What does all this mean? It means the world is not quite as creative as everyone thought. It means there are a lot of crowded trades out there in very similar strategies, and everyone is trying to get out at same time.
Someone, somewhere, is going to make an epic amount of money on these dislocations. Right now, this takes nerves of steel.
(posted earlier today)
I get asked that question a lot these days, and somehow just muttering "credit market issues" doesn't do it. So here's a stab at trying to explain what is happening.
Most important points:
1) Banks and brokers are raising cash to cover their commitments. What kind of commitments? Leveraged buyout bridge loan commitments, mortgage warehouse lines, all sorts of commitments.
2) At the same time, the banks and brokers are de-levering their clients (hedge funds, commodity traders, etc.)--asking for more cash. The yen has been strengthening recently--at a five month high--and for many this is a sign that their clients are raising cash.
3) Some bank clients appear to be responding to the bank and brokerage demand for more money by redeeming money market shares. This is probably why we are seeing such a flutter in this sector.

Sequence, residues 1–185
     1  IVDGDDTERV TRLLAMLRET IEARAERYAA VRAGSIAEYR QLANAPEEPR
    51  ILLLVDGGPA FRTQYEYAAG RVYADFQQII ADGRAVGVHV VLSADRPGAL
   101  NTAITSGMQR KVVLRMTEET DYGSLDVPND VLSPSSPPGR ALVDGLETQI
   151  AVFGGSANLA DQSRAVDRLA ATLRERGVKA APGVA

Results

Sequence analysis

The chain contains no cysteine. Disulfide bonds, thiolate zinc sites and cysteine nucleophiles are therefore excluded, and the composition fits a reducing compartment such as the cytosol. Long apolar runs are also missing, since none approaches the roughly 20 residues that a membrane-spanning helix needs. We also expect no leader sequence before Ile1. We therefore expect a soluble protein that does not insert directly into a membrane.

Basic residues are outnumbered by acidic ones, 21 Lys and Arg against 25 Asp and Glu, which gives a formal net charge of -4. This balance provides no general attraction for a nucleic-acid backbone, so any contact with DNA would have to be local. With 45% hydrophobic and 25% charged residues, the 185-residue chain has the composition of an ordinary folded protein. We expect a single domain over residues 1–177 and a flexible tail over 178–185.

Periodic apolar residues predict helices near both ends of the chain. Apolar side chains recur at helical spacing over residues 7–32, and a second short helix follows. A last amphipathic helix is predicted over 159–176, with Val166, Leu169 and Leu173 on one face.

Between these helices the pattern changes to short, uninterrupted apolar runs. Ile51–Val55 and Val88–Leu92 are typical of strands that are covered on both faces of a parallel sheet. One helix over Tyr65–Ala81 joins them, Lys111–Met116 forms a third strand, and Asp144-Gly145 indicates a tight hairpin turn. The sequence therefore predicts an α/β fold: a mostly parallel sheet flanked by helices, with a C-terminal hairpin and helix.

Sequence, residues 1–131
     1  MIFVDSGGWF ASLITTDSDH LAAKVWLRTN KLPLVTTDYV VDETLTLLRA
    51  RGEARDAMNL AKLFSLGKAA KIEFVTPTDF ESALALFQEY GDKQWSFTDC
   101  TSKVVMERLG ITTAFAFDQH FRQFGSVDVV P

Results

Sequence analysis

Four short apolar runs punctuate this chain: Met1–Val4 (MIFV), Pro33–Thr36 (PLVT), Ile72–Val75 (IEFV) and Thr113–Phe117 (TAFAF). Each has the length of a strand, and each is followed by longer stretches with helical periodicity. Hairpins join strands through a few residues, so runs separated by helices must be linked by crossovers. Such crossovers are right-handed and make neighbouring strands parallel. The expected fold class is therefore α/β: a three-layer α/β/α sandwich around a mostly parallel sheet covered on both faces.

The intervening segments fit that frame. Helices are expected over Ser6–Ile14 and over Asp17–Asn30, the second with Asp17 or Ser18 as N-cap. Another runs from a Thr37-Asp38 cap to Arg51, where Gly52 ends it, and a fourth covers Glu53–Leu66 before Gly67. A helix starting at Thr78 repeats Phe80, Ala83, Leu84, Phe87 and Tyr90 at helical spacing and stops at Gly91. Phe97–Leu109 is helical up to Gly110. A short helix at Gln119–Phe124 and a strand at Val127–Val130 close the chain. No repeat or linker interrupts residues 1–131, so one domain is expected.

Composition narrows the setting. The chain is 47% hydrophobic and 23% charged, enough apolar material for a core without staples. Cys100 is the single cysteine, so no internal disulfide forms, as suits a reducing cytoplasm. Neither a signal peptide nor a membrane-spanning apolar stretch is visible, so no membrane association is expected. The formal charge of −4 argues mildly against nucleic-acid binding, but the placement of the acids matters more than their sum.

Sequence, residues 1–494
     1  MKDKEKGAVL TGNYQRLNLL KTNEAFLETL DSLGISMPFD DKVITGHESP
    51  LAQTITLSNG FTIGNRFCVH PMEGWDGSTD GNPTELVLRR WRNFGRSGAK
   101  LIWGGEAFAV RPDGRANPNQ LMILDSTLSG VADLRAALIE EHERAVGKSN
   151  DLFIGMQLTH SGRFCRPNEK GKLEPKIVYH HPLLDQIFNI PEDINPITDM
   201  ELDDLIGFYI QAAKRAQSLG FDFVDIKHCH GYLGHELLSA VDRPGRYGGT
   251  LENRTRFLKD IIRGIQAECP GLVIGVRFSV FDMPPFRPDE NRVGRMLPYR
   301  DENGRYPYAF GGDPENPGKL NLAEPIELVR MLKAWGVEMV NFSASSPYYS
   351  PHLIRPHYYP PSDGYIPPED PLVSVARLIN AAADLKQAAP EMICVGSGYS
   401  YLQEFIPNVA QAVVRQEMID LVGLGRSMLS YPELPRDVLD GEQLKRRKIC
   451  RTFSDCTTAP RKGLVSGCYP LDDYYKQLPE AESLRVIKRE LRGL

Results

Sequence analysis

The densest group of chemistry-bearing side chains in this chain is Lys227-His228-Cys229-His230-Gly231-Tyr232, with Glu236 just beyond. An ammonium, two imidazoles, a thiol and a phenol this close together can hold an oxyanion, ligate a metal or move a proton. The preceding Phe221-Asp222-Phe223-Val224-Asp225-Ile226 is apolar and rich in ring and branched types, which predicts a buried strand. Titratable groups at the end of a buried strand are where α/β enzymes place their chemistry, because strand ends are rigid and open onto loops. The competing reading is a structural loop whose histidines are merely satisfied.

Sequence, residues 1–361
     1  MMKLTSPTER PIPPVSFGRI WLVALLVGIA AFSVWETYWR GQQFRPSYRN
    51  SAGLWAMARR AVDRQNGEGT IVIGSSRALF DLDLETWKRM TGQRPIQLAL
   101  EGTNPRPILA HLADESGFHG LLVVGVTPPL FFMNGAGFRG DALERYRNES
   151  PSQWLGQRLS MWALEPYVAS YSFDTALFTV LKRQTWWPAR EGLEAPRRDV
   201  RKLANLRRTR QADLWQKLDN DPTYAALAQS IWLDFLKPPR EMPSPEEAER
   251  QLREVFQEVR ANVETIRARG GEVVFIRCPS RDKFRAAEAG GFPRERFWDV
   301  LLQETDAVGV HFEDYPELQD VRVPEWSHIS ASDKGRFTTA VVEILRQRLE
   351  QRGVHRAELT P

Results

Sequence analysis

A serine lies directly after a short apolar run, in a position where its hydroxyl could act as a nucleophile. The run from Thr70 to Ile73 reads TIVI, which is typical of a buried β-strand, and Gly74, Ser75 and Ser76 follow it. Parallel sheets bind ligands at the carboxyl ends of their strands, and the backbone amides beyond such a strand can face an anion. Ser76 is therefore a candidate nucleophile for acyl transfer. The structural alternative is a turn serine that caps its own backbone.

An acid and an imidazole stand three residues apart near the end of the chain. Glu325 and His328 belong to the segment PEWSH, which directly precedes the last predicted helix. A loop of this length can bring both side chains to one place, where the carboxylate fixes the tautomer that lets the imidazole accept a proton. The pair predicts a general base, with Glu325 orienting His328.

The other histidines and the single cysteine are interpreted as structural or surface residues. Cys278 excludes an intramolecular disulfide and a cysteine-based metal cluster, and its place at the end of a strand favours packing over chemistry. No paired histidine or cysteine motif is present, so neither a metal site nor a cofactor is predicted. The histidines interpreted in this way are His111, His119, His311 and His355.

4) The implication: higher cash levels mean lower profits for banks and brokers.
This, in addition to any write-downs for losses they may have to take.
The result is that the financials are dropping and becoming a smaller part of the S&P 500. Five months ago, the S&P Financial Sector was 21.5% of the S&P, today it has dropped to 19.8%.
However, historically the financial sector has contributed more in terms of earnings to the S&P 500--about 25%, according to Standard and Poors. A 30% haircut in earnings--which seems extreme, but is what some bears are arguing may happen--means S&P earnings could drop 8% just from financials.
That is why we are not seeing much of a bounce in financials. The argument that stocks are cheap on valuation is not working for the moment because of lack of visibility. However, if, as bulls argue, these banks are out ahead of the problem and losses will be relatively minor compared to historical profits, then financials may prove to be one of the great buys of the year.